By Dan Wighton
Coffee goes straight through you. And usually, it takes whatever else you have in your stomach with it. But while scientists and coffee drinkers have known of this phenomenon for decades, there is still plenty we don’t understand about why a coffee makes you poo – only that it does.
What coffee does beyond your taste-buds
Coffee contains the natural compound chlorogenic acid, found in both green and roasted coffee.
It exists naturally in coffee, and inside the stomach, goes on to produce gastric acid. When extra gastric acid is produced, the stomach will push its contents out and into the intestines.
However, this is only part of the process, and doesn’t explain why coffee leads to such immediate evacuations of your internal organs.
The research has been further hampered as not everyone experiences the same phenomenon.
Only 30 per cent of people are affected by coffee in that way, meaning that even finding consistent test subjects was a challenge for scientists and researchers.
Aside from chlorogenic acid, what else contributes to the coffee-poo connection?
When people think coffee, they think caffeine, so caffeine is often thrown up as a possible reason. But people don’t usually have the same response to other things that contain caffeine – like energy drinks, tea or cola.
Also, researchers have noted that even decaf has the same effect on a person’s stomach – meaning that caffeine is totally not the reason.
Other than caffeine, the average cup of coffee contains nearly 1000 different compounds, meaning that isolating the effects of each one – let alone the combined effects of each possible combination – is a time-consuming task.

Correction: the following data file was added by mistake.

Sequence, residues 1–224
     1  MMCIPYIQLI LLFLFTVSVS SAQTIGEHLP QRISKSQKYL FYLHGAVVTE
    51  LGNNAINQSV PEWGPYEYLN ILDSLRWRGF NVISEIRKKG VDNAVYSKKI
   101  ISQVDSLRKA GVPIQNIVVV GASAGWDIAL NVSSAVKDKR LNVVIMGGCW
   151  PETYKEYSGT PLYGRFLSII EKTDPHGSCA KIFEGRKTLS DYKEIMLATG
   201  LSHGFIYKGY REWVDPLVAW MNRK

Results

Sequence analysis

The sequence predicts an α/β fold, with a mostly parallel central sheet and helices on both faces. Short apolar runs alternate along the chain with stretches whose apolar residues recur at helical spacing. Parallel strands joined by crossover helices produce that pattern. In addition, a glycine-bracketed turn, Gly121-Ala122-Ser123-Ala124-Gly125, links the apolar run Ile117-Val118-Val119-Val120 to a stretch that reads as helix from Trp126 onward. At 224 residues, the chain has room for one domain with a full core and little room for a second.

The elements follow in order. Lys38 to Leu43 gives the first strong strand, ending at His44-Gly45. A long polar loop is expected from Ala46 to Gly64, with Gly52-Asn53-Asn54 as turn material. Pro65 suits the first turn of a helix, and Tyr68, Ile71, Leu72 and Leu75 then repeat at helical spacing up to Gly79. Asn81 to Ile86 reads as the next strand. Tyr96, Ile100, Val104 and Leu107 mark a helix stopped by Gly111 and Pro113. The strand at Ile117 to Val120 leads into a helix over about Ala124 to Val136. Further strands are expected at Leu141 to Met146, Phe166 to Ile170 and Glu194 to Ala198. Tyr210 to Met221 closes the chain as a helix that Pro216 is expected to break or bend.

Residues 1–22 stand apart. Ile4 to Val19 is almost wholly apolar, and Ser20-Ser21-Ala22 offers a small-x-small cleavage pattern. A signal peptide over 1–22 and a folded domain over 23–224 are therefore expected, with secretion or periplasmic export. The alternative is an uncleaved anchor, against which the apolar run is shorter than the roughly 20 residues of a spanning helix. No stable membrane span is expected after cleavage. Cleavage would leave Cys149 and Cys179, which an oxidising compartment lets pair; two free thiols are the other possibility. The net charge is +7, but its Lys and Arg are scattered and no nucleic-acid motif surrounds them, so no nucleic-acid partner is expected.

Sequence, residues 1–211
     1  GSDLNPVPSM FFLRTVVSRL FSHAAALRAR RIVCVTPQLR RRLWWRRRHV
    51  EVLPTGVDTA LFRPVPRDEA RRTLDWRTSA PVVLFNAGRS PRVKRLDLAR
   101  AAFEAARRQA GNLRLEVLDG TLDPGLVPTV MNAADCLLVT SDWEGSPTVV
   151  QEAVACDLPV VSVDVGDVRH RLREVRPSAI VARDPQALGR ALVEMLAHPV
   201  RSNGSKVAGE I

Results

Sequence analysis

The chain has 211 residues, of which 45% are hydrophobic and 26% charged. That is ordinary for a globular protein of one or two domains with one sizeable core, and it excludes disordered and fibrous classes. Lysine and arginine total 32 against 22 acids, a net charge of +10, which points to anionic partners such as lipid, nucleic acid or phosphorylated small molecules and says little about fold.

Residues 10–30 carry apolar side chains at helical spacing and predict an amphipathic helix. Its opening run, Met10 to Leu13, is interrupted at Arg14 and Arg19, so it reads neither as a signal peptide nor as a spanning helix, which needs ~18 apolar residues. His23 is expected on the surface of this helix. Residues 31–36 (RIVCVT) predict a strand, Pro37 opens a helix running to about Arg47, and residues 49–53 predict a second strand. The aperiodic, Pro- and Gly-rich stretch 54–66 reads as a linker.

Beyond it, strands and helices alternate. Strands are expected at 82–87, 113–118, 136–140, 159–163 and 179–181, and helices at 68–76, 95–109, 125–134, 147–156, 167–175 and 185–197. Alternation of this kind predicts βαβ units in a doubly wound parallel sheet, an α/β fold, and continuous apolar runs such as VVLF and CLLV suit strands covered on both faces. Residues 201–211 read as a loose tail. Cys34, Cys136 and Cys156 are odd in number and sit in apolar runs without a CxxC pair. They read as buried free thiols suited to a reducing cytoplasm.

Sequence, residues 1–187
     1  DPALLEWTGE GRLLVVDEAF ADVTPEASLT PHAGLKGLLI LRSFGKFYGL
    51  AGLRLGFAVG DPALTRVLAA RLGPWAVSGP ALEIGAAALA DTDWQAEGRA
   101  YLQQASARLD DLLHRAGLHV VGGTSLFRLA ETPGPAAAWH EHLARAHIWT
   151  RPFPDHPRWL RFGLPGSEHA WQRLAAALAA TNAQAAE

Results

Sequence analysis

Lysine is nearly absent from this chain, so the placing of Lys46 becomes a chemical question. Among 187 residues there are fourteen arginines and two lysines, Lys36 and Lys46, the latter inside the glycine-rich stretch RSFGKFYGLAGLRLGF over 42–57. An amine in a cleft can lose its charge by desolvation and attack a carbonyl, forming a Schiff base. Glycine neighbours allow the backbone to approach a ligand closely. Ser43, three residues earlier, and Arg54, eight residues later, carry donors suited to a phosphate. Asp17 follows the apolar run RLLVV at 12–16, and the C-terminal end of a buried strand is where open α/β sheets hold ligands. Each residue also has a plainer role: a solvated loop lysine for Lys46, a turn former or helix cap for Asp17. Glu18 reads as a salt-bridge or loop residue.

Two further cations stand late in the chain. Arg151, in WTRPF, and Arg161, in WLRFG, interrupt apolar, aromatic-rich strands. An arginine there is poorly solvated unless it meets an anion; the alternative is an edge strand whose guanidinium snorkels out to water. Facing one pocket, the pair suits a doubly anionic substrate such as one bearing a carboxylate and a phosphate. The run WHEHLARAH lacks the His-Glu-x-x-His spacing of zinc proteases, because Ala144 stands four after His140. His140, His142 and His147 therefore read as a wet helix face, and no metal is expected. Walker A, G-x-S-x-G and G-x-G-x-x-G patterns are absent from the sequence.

In short, some of these chemicals combined them tells your internals, “It’s go time!” They push whatever is in your stomach out, and then trigger your body to release other chemicals which do the same thing.
So it’s a little more complicated than the old American saying a cup of joe makes you go.
The following video sheds a little more light on why coffee acts as a ‘quitting time bell’ to the Fred Flintstone in your stomach – at least to the extent that scientists know about yet – but just know that if your cup of Joe means you gotta go, you are not alone.
So although coffee is the reason, it is really a combination of coffee and your body doing the dirty work. In the 30 per cent of people whose bowels are affected by coffee – decaf or regular coffee – muscles in the lower tract of the colon really get to work.
The two main chemicals produced by your body after a cup are gastrin and cholecystokinin, which are otherwise produced to help push food through the body. For some reason – which science doesn’t really understand yet – coffee makes these guys work much harder.
And here’s something that might arm you with just enough knowledge to prepare yourself: The body’s response occurs within just four minutes of drinking the coffee.
Our tip – make sure you don’t find yourself caught short!
Research notes: Effect of coffee on distal colon function – published April 1990, in Gut, International Journal.